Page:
On Monday, the Phillies committed three years and $26 million to retain catcher Carlos Ruiz. It's a large figure for a 35-year-old catcher. Given the wear and tear of the daily grind behind the plate, catcher is not an old man's position.
But Ruiz has been a rock for the Phillies over the past five seasons. He owns a .288/.371/.434 line in 566 games since 2009 and earned an All-Star berth in 2012. In other words, even with a down 2013 season (.268/.320/.368 in 341 plate appearances), Chooch can hit, and when you're a catcher, that's enough to get paid even when age isn't on your side.
With the market kicked into motion by Ruiz, we can be somewhat certain the rest of the big-bat catchers available will get their fair share as well. Both Jarrod Saltalamacchia (.273/.338/.466 in a career year as a 28-year-old in 2013) and Brian McCann (.256/.336/.461 in 2013 at 29, .277/.350/.473 over a nine-year career) can both expect at least a three-year deal at an eight-figure average annual value.
As you look through the catcher market and at the backstops already in place, though, a realization strikes: there are as many big-bat catchers in the game right now as in any time in recent memory.
Consider last season: Yadier Molina nearly won the National League MVP. He's now a dual threat, as he paired a .313/.361/.481 line with impeccable defense. Even in a down year, Buster Posey posted an excellent .294/.371/.450 line in a tough hitter's park. Carlos Santana powered Cleveland with 20 home runs and a .268/.377/.455 line. And of course, Joe Mauer was great as usual, as he posted a .324/.404/.476 line in what would be his final season behind the plate with Minnesota.
These veterans were joined by a slew of rising stars: Houston's Jason Castro, Colorado's Wilin Rosario, Milwaukee's Jonathan Lucroy and Kansas City's Salvador Perez all played at 27 or younger in 2013 and posted OPS marks of .750 or better in at least 400 plate appearances. The Cubs' Welington Castillo, a 26-year-old, came just shy at .746.
As a whole, major league catchers hit .245/.310/.388 in 2013, good for a 96 OPS+ (or 96 percent as good as the average MLB hitter). Catcher, being one of the few positions on the field where defense is the top priority, naturally finishes below the major league average -- usually far below. Observe, catcher performance adjusted for park and league since 1974:
Only in 1977, an expansion year in which the Mariners and Blue Jays joined the league, did catchers outhit the league average. Carlton Fisk, Ted Simmons, Johnny Bench, Gene Tenace, Joe Ferguson, Bob Boone, Steve Yeager and Thurmon Munson were all in the prime of their careers. Gary Carter broke out at age 23, and Darrell Porter and John Stearns excelled for the Royals and Mets respectively, each at age 25.
This excellent crop kept the catcher position competitive for a few years, but as they began to fade, the position dropped off significantly. Catchers managed an OPS+ of at least 95 every year from 1977 through 1982, but never did it in consecutive years until the current era, 2011-2013.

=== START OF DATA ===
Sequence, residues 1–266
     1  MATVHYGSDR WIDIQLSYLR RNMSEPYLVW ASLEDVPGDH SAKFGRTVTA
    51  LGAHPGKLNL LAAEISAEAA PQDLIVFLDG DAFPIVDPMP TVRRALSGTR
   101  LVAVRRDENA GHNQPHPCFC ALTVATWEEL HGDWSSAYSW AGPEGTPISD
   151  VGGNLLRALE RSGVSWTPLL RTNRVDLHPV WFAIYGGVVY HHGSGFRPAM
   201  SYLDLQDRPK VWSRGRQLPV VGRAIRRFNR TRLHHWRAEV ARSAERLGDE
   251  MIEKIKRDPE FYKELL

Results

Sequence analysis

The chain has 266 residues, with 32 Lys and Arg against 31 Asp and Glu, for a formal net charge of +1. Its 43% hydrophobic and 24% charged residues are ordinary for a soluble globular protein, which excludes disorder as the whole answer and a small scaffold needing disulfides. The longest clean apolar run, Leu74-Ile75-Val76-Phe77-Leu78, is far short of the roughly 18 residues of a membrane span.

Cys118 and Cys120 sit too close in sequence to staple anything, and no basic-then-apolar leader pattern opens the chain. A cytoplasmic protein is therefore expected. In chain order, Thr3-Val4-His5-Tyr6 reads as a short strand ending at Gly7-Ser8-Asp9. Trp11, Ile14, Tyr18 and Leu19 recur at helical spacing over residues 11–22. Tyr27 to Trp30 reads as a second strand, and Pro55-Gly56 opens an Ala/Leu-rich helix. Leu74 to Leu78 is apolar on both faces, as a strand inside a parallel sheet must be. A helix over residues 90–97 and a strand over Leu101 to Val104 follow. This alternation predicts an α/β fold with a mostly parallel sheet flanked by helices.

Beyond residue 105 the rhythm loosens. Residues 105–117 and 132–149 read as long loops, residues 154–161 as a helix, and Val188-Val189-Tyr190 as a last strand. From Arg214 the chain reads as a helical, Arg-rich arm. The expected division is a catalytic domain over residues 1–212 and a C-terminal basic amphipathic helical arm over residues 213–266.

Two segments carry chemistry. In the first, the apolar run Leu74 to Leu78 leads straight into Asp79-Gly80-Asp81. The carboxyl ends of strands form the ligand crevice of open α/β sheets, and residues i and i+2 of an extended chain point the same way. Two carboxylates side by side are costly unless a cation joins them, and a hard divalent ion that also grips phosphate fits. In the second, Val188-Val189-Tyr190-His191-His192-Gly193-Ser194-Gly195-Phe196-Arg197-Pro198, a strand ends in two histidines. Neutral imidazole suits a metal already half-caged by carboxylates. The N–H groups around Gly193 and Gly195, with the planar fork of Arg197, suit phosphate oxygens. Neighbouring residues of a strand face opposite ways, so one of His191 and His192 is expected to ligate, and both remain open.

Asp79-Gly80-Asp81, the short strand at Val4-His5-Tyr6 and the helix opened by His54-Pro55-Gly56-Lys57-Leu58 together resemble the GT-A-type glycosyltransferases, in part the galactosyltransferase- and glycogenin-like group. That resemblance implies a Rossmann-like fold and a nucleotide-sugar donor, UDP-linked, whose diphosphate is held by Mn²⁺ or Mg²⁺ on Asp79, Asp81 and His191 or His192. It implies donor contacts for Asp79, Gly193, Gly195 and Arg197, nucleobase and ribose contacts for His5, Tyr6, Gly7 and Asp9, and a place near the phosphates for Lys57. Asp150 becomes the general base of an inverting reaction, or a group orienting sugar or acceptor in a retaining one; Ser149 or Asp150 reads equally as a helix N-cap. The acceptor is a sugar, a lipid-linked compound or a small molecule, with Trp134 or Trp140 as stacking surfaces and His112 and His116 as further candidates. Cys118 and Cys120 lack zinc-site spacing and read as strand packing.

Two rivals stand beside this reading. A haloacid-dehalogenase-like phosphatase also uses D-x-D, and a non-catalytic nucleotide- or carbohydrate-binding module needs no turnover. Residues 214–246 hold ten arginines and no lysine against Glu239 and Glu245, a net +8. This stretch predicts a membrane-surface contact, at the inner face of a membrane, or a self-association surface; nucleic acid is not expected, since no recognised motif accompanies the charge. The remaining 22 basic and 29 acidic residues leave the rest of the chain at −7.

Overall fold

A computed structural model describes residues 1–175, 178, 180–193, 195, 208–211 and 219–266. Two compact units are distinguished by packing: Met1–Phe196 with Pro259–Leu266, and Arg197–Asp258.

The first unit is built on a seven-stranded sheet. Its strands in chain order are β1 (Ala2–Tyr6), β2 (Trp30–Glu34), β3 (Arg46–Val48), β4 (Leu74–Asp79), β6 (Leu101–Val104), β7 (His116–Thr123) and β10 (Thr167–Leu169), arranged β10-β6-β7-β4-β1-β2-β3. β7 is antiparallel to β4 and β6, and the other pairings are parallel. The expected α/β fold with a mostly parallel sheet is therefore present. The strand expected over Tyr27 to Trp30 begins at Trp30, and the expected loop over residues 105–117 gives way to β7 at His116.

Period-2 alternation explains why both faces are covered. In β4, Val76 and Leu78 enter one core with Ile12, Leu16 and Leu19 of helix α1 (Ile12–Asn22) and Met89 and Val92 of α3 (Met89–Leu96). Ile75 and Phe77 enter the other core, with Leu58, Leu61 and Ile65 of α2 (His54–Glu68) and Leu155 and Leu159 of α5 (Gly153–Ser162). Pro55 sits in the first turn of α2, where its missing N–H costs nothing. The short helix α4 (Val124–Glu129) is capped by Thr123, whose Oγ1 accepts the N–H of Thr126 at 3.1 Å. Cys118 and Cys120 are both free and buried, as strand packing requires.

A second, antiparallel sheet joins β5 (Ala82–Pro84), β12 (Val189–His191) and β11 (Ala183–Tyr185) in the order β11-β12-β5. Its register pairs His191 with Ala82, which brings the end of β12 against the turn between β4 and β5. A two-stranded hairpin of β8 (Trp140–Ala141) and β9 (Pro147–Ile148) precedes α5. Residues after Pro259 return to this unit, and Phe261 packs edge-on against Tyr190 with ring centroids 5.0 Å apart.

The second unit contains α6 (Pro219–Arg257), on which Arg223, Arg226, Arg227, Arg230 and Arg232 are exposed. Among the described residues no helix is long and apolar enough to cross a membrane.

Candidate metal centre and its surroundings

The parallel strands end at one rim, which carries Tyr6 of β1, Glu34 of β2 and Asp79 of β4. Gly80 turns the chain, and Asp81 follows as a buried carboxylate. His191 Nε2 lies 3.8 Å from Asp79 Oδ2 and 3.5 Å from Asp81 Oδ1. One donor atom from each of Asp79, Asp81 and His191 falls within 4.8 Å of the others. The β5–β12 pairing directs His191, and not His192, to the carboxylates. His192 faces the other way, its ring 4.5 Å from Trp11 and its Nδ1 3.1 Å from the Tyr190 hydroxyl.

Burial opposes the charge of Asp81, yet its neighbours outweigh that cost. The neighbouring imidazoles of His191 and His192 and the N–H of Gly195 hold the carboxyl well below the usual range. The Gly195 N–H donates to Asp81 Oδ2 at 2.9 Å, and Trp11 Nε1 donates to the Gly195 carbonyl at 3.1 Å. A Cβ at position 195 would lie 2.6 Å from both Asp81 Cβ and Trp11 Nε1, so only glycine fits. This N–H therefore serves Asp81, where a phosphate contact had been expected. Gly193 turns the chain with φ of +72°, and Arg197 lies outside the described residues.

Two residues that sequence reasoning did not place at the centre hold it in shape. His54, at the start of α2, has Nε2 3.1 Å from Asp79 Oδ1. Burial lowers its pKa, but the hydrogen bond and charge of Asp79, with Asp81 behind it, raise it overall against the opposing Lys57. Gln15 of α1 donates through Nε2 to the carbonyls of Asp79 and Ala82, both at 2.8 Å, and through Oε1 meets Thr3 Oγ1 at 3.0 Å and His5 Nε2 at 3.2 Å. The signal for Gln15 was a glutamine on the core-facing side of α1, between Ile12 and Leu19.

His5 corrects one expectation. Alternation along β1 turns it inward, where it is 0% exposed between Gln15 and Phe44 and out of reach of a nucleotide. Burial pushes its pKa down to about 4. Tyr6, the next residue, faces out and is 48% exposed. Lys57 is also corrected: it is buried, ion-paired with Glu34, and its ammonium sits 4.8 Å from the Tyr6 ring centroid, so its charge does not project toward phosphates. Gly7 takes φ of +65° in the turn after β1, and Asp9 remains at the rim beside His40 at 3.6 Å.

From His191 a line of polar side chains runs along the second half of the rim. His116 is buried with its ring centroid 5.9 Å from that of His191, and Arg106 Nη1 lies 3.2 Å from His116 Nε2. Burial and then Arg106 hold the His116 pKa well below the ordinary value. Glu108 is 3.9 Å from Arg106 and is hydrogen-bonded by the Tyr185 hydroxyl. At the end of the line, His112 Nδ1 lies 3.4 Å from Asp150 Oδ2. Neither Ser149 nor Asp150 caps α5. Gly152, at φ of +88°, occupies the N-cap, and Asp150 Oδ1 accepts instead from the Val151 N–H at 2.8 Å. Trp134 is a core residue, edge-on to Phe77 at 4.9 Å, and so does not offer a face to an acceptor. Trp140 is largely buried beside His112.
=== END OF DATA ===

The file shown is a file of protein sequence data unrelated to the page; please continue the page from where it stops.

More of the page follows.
Catchers only reached the 95 OPS+ mark three times between the two golden eras. The first was 1990. Carlton Fisk was still around and still fantastic, as he led all catchers with a .829 OPS. Darren Daulton and Mickey Tettleton packed a punch for Philadelphia and Baltimore respectively, and part-time catchers like Pat Borders in Toronto and Mike Fitzgerald in Montreal propped up the group.
Tettleton and Daulton were still mashing in 1993, but Fisk had finally retired, and another group of catchers climbed to the top of the leaderboard. Chris Hoiles posted an absurd .310/.416/.585 line for Baltimore behind 29 home runs. Mike Piazza led all catchers with 35 home runs and 112 RBI. Rick Wilkins matched Piazza's .561 slugging percentage with the Cubs. Mike MacFarlane, Chad Kreuter Don Slaught and Mike Stanley rounded out the offensive forces behind the plate.
By 1997, the last time catchers reached the 95 OPS+ until 2011, Piazza had established himself as the premier offensive backstop. 1997 was his magnum opus, as he clubbed 40 home runs for the first time, crossed the 200 hit mark for the only time, and finished with a career high in all three triple-slash categories at .362/.431/.638. Only Hoiles remained from the 1993 group of mashers, but Todd Hundley (Mets), Sandy Alomar Jr. (Cleveland), Javy Lopez (Atlanta), Jason Kendall (Pittsburgh) and Darrin Fletcher (Montreal) all had huge seasons, as did a 25-year-old Ivan Rodriguez making waves with the Rangers.
If there's anything we can learn from these old groups of great catchers, it's that catcher success is fleeting. Catcher is a young man's position, and so players either move or retire quickly. We already know Joe Mauer will be on the move from catcher to first base in 2014. The Giants have discussed such a move with Buster Posey at times, and Carlos Santana already regularly plays first base and designated hitter, and could be shifted to make room for Yan Gomes full-time.
But over the past three years, we've seen catchers hit and hit consistently in a way they haven't for over three decades. It takes a special player to handle a pitching staff, take the beating of 100-plus games behind the plate and handle the bat as well. Today's major leagues has a plethora of players doing so, both young like Buster Posey and old(er) like Carlos Ruiz and it's a group that shouldn't be taken for granted.
(All data via Baseball-Reference.com)